Linux development with Visual Studio: first-class support for gdbserver, improved build times with Ninja, and updates to the Connection Manager

Erika

Erika

With Visual Studio 2019 you can build and debug C++ projects on a remote Linux system or the Windows Subsystem for Linux (WSL). You can get started with Linux development in Visual Studio using MSBuild-based Linux projects or our native support for CMake. CMake lets you use the same source code and build scripts to target multiple platforms and is our recommendation for anything cross-platform or with an eye to open-sourcing. This blog post covers recent improvements to our Linux support in Visual Studio, including:

  • Support for Ninja on Linux. Ninja is a build system with a focus on speed. Ninja has been the default generator (underlying build system) for CMake configurations targeting Windows for some time, but in Visual Studio 2019 version 16.6 Preview 3 we added support for Ninja on Linux. Ninja is typically faster than Unix Makefiles and is now the default generator for new CMake configurations targeting a remote system or WSL.
  • First-class support for gdbserver. Gdbserver is a program that allows you to remotely debug applications running on Linux. It is especially useful in embedded scenarios where your target system may not have the resources to run gdb. In Visual Studio 2019 version 16.7 Preview 1 we added a new debugger configuration to debug CMake projects with gdbserver on remote systems. This eliminates the need for manual configuration of launch.vs.json as described in our previous blog post: Debugging Linux CMake Projects with gdbserver.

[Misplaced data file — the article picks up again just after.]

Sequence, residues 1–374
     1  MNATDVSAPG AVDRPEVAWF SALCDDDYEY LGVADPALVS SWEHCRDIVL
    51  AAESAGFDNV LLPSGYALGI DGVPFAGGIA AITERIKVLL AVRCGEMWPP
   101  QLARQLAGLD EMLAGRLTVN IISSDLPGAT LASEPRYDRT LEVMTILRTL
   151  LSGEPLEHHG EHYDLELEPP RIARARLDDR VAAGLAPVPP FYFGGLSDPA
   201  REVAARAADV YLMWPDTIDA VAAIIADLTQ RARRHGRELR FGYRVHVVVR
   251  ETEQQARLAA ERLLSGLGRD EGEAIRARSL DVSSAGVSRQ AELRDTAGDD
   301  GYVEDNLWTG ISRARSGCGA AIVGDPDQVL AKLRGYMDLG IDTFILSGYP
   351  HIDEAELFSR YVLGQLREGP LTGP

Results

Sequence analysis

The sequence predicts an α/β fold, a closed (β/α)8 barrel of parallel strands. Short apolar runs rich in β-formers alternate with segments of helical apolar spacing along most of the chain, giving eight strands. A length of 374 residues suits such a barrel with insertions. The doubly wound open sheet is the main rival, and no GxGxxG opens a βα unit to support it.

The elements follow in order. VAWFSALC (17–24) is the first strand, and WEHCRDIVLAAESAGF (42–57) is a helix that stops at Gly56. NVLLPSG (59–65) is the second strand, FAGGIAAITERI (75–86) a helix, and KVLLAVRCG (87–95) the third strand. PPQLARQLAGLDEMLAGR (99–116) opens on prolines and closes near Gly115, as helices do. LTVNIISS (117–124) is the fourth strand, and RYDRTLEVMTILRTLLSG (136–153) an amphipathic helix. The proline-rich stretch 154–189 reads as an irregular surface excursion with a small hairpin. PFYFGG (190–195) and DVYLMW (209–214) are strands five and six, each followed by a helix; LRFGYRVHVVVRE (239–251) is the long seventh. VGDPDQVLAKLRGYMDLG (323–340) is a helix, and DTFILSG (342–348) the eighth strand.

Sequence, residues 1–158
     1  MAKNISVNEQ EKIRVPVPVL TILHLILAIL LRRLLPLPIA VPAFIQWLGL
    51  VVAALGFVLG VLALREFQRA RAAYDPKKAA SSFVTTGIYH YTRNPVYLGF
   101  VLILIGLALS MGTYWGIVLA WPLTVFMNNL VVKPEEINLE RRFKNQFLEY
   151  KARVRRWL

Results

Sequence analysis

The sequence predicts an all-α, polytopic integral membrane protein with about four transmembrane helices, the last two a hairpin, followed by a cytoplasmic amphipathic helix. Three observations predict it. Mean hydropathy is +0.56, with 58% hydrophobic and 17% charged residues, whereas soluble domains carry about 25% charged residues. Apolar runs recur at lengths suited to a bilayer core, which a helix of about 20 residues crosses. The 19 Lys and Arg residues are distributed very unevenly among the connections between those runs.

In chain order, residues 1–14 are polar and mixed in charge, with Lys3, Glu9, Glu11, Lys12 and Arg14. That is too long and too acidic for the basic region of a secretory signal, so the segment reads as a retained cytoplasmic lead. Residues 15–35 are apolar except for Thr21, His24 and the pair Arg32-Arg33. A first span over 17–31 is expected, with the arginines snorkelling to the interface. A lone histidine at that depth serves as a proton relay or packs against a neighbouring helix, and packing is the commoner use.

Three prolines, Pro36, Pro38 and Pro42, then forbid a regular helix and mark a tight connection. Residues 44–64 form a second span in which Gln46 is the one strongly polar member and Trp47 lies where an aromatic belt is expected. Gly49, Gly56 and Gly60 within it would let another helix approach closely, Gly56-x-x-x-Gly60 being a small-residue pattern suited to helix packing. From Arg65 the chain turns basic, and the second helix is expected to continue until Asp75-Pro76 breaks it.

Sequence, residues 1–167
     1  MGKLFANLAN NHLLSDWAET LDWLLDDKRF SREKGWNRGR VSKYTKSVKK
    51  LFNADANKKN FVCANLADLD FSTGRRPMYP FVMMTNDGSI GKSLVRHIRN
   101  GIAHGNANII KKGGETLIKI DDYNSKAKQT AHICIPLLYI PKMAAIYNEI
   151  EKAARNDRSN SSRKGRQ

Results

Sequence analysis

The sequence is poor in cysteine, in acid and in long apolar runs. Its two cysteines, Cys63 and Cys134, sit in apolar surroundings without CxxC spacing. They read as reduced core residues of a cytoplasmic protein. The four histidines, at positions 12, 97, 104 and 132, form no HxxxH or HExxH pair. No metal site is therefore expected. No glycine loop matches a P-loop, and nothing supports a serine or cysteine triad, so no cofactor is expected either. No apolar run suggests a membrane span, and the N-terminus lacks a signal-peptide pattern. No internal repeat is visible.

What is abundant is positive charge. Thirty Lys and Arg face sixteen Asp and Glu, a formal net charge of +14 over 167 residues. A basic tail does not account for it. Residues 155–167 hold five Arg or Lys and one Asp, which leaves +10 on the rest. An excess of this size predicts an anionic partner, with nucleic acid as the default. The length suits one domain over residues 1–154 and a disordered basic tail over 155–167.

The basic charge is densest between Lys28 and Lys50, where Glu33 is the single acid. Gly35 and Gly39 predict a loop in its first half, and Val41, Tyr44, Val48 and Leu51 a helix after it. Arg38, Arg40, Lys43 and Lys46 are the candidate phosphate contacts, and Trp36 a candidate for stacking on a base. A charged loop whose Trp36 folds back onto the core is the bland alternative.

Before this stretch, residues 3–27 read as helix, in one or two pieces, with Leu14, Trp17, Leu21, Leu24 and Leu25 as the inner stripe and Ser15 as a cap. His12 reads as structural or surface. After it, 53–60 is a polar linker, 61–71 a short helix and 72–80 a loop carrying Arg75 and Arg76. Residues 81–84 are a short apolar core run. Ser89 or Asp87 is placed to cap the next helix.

• Improvements to the Connection Manager. The Connection Manager in Visual Studio allows you to manage and store secure SSH connections to remote systems. We hear your feedback, and in Visual Studio 2019 version 16.7 Preview 2 you can edit and set default remote connections in the Connection Manager. This will allow you to edit an existing connection (e.g. if the IP address of your target device changed) and set default remote connections to be consumed in CMakeSettings.json and launch.vs.json via ${defaultRemoteMachineName} in CMake projects.

More details on all these new features are listed below.

Improved build times with Ninja on Linux

Ninja is a build system with a focus on speed. In Visual Studio 2019 version 16.6 Preview 3 we added support for building CMake projects with Ninja on remote Linux systems and WSL.

Ninja is typically faster than Unix Makefiles and is now the default generator for new CMake configurations targeting a remote system or WSL. You can install ninja on Debian-based Linux systems with the following commands:

sudo apt-get update

sudo apt-get install ninja-build

We ran performance tests to compare Ninja and Unix Makefiles on two open-source CMake projects: bullet3 and LLVM. These tests show the time for a full rebuild from Visual Studio and were run against a local VM (Ubuntu).

NinjaMake
bullet33 minutes11 minutes
LLVM (link parallelism set to 2)40 minutes143 minutes

 

In Visual Studio 2019 version 16.6 Preview 3 or later you can try building your project on Linux directly from Visual Studio with CMake and Ninja to leverage these performance improvements and cut down on build times.

First-class support for gdbserver in CMake projects

In Visual Studio 2019 version 16.6 Preview 2 we introduced a new debugging template to simplify remote debugging with gdb. In Visual Studio 2019 version 16.7 Preview 1 we expanded on this template to include first-class support for debugging with gdbserver.